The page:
“Do you expect me to feed all the people in India or in Africa?”

“No you can’t; I’m not talking about that. It’s a big difference between wanting to and doing it.
Lord Buddha couldn’t do it. Jesus couldn’t do it. But they were perfect. Why, because they
wanted to and they were willing to, and they gave everything they could give. That’s enough.”

“What will happen to me if I do what you say? What will happen to me if my kindness goes
beyond my own bag of skin and the bags of skin that live in my house?”

“You will become the savior of countless beings. You will become like the Jesus of your own
world. I swear you will. It’s what you want to do; it’s what you were meant to do. You are
going to do it now.”

“How long will it take?”


                                                72
Geshe Michael Roach                                                                Second Sight
Diamond Mountain                                                             Sept. 18 - 21, 2001
St. David, Arizona, USA
“Not long; you are very close.”

“The wind is blowing hard here; why do you think? The winds inside you are coming close. They
are running; they didn’t run before.”

“Oh, don’t be superstitious. It’s just the wind.”

“The wind is an image. The image of the wind is created by the winds inside of you. The energy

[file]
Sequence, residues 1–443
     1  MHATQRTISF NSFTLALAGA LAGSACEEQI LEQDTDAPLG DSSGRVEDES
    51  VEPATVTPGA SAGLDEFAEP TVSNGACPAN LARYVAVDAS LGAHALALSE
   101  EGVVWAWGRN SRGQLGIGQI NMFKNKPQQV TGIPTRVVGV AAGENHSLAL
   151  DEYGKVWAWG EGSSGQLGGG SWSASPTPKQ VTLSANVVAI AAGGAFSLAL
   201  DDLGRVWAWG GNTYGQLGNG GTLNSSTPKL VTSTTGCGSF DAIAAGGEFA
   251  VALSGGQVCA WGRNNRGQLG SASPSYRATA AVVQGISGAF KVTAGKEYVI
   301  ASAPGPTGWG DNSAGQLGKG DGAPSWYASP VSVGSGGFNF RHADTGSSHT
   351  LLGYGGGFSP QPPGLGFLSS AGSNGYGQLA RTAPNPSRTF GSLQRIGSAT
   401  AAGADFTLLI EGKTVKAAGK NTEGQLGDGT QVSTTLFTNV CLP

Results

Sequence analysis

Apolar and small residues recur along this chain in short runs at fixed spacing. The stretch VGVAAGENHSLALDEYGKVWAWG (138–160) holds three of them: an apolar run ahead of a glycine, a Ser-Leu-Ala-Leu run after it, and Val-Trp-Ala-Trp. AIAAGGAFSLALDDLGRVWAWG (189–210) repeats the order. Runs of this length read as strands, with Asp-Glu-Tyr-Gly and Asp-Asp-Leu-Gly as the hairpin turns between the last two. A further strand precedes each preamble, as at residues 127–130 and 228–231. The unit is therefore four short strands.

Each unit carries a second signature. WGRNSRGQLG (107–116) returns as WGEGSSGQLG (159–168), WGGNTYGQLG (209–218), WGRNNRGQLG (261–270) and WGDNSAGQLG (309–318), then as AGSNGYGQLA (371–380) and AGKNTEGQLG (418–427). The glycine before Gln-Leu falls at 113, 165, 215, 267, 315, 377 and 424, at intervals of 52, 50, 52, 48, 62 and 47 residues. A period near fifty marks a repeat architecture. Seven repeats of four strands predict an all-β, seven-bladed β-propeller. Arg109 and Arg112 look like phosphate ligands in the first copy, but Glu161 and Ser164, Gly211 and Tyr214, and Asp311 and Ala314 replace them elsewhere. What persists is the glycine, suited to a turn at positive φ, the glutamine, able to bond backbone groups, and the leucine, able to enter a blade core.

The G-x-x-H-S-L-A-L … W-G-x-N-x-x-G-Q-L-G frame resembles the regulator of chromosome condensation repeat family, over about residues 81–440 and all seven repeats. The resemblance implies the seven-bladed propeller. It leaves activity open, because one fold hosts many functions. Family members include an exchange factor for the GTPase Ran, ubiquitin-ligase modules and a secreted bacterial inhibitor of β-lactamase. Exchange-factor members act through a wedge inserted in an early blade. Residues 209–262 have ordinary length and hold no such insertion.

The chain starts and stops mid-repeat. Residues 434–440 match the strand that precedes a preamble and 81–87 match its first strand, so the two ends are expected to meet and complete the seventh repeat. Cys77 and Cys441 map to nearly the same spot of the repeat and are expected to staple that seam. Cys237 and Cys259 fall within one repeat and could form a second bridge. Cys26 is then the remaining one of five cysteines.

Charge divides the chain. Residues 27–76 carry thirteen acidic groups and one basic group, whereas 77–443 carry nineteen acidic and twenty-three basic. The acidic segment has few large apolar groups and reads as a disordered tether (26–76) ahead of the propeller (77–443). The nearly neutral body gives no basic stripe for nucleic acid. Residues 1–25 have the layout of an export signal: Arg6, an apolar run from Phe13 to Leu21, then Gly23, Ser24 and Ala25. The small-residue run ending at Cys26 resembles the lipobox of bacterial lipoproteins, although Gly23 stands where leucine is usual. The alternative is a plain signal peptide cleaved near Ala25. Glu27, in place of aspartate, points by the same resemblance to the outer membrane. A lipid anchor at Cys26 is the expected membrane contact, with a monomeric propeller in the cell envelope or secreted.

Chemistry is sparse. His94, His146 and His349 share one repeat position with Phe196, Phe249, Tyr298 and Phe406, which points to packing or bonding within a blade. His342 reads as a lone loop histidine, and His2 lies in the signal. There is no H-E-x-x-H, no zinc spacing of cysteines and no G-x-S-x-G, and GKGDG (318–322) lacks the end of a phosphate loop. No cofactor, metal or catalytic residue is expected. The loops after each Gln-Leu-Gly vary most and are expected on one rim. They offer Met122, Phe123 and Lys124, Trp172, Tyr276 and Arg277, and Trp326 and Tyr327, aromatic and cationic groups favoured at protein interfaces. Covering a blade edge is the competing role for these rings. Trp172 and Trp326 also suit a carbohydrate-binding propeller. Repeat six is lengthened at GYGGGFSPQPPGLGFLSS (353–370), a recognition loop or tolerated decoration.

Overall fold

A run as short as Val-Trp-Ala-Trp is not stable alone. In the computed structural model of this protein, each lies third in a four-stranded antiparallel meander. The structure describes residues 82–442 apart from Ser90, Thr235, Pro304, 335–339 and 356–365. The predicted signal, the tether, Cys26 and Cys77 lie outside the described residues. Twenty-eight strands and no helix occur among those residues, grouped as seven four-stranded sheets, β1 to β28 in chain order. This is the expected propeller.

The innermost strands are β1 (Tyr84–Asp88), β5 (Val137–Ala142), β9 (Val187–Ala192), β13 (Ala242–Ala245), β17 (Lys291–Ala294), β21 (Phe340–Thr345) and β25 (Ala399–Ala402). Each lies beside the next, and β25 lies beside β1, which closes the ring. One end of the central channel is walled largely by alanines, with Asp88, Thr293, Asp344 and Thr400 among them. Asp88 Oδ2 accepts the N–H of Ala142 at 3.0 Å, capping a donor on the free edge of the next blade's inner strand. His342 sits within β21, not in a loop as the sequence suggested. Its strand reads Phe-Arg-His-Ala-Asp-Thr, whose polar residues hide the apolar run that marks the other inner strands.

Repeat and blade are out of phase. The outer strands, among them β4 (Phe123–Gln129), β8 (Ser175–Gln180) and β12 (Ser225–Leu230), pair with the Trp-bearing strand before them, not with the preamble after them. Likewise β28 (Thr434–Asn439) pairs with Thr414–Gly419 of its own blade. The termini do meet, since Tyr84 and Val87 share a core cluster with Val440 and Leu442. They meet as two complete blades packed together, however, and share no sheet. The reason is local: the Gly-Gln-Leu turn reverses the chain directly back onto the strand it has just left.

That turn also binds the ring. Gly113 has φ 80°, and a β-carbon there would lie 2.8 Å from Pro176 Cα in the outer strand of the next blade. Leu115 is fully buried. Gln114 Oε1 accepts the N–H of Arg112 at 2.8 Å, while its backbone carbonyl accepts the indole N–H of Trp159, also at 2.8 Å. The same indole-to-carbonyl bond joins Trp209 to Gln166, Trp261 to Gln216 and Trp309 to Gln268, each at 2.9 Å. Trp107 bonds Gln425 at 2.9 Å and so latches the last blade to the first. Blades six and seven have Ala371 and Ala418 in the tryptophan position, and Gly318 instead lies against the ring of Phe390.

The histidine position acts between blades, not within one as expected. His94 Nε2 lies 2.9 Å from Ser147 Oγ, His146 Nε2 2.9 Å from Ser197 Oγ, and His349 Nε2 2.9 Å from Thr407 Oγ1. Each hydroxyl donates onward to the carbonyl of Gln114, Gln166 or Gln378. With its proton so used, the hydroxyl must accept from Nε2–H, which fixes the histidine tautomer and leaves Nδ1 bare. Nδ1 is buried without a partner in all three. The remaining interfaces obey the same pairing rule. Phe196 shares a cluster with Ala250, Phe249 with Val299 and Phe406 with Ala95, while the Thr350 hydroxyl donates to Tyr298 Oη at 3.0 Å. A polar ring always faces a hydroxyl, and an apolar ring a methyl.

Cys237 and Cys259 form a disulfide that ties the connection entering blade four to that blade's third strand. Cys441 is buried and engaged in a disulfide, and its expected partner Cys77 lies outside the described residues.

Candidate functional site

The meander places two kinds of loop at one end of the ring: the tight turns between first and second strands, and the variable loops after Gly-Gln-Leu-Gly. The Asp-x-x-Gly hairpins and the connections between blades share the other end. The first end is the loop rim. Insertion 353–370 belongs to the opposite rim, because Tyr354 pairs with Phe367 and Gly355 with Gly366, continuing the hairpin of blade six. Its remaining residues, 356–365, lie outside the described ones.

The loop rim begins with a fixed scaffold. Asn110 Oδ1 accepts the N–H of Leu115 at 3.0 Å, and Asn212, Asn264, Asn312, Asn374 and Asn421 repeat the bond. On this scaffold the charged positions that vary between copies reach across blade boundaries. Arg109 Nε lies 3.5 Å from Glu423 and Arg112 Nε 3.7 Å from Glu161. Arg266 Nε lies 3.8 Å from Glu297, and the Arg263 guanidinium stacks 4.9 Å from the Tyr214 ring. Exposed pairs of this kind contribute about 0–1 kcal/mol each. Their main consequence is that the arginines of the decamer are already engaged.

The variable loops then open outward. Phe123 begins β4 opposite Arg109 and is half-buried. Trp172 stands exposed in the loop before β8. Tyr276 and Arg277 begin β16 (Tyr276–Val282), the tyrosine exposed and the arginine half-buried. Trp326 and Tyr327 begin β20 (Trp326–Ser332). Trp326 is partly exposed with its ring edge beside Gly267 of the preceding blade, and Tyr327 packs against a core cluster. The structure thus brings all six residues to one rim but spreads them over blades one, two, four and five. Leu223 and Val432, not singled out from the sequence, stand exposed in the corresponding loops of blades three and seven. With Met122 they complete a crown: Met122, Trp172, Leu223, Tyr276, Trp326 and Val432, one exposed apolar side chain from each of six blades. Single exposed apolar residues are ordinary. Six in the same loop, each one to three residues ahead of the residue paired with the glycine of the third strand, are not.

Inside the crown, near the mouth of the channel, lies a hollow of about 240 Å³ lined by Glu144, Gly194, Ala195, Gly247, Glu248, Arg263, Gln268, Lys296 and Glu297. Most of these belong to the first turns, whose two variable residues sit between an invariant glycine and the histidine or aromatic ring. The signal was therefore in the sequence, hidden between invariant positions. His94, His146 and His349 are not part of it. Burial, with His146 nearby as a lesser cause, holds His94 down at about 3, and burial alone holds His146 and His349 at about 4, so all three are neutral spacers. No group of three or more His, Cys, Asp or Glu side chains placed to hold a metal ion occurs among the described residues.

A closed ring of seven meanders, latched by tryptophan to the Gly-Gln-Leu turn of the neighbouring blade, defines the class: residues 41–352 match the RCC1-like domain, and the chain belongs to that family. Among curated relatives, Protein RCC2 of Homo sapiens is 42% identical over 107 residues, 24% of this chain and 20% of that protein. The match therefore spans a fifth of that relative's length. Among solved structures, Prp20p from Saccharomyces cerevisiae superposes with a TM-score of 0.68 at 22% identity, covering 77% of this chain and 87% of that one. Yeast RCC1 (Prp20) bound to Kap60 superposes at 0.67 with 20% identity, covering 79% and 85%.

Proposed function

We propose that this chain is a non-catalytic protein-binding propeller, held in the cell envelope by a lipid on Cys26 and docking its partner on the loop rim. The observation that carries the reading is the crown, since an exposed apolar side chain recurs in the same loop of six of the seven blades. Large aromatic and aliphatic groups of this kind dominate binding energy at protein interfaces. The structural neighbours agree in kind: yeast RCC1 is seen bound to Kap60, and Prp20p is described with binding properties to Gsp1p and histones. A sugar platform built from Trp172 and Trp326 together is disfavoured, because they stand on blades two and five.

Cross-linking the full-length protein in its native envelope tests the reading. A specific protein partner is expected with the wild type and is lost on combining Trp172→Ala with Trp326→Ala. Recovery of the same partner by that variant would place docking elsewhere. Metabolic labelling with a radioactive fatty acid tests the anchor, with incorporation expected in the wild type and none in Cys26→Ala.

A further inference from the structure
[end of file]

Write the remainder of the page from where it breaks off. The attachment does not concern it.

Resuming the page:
of man and woman, the other holy energies in all of you are coming together. You are very close.
 The wind is blowing in honor of you.”

Last meditation: There will come a day when you will see ahead; you will see yourself as you will
be. It’s a joy. Imagine seeing yourself being the Jesus or the Buddha or the Moses of your
people, of your whole world, of many worlds. You will be. It’s not crazy or prideful to think it.
It’s your destiny, and it’s a joy. One day you will see ahead and you will see yourself. Something
very beautiful – yourself as you will be, if you are not already – is watching you now, yourself as
you will become, the savior of countless creatures is watching you now. Time doesn’t matter to
him or her.

So sometimes when you remember this last talk and these last words, then you put your hand out
to the front. And yourself will look upon you and be very happy, “Oh I remember, that was when
I first believed what I would become.”

When your future self is watching you now, put out your hand, and he or she or them are very
happy. And they are always watching you and waiting. They know what you are going to be. So
reach out to them sometimes. Make a secret sign. You can do it all day. It’s a very beautiful
way to live.

That’s all I have to say. Please make your kindness as big as you can. And on behalf of all the
people in retreat and the caretakers, holy people, and the other people working so hard here and
in other places, New York, we are extremely grateful to you. We can’t begin to pay you back.




                                                    73
Geshe Michael Roach                                                                Second Sight
Diamond Mountain                                                             Sept. 18 - 21, 2001
St. David, Arizona, USA